Funded by a $5 million donation from Stewart and dedicated to her mom, thecenter, with its bonsai tree symbol and Stewart design touches, feels more likean upscale spa than the depressing, fluorescent-lit outpatient clinics mostseniors visit. The 7,800-square-foot facility houses a staff of 20 geriatricspecialists, social workers, an integrated wellness program, and a memoryevaluation clinic.

Other specialists, including cardiologists, nephrologists, rheumatologists,and psychiatrists, are available onsite and can be consulted as needed --eliminating multiple trips to different offices. (Care is covered by mostinsurance plans.) And the medical center's patients can take an active role intheir own health and wellness, participating in activities such asmindfulness-based stress reduction, yoga, taichi, and nutrition programs.

"We wanted to create a place that feels good, that treats you nicely,that makes you think somebody cares about your experience there," saysStewart.

Senior Care in America

Stewart's right about the need for coordinated senior care, says KnightSteel, MD, a pioneer in geriatric medicine who now heads the division ofgeriatrics at Hackensack University Medical Center in New Jersey. We all couldbenefit from having our doctors under one roof -- but the elderly have the mostto gain from coordinated care. "There are issues related to aging per se,and then there are issues related to diseases and organ systems, so you need acardiologist, a neurologist, a pulmonologist, and so on. It's clearly best tohave a place where you can be managed comprehensively, rather than having carefragmented at different locations and practices," he says.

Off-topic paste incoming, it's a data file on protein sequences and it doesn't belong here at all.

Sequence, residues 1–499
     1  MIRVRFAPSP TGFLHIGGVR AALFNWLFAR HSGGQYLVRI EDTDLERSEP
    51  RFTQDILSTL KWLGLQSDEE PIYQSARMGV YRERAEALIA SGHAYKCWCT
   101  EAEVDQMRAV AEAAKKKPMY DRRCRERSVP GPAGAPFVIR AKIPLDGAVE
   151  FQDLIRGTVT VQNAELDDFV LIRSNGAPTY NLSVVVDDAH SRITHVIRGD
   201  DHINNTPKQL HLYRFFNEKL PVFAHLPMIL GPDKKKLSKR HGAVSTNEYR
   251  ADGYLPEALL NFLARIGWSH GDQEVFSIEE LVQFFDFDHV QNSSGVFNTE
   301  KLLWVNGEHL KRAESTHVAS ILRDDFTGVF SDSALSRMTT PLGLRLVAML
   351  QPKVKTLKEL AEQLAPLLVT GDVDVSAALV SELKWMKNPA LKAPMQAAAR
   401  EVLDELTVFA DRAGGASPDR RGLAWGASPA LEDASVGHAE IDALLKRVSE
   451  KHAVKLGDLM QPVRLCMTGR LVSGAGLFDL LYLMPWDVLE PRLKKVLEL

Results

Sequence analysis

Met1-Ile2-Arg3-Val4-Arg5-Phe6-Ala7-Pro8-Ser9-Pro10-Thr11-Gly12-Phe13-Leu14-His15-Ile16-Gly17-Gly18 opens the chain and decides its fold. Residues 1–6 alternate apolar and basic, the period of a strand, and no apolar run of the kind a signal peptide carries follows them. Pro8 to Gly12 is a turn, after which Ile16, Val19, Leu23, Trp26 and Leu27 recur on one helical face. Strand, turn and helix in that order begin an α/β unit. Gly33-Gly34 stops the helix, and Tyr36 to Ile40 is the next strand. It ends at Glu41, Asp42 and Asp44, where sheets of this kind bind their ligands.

Stewart learned about this issue firsthand while helping care for hermother. "My mom went to four, five, six different doctors, and she wasn'talways totally open about what medications she was taking, or not taking," shesays.

The more medications a senior takes, and the more doctors prescribing them,the greater the opportunity for error -- for example, prescribing medicationsthat have dangerous interactions. More than half of fatal hospital medicationerrors involved seniors, according to a 2004 report in U.S. Pharmacist."That's the value of a senior center with excellent geriatricians who lookat a person's health in a comprehensive way, rather than having them diagnoseand prescribe independently," says Steel.

Ultimately, Stewart hopes the new center at Mount Sinai will serve as amodel for similar geriatric centers across the country. She's working withBrent Ridge, MD, her company's vice president for healthy living -- they firstmet when Ridge, then a Mount Sinai geriatrician, approached her with the ideafor the center -- to make that happen. "We want to show other hospitalsacross the country how they can go about creating the same kind of excellentprogram, where the aging population can be taken care of well," shesays.

"Being healthy is all about being prepared," agrees Ridge. "Ourhealth care system is not prepared, and the vast majority of individuals arenot prepared. Having someone with Martha's clout and her ability to speak willraise awareness of this issue. Just like they look to Martha for planning otheraspects of their lives, we think they'll look to her for this aspect aswell."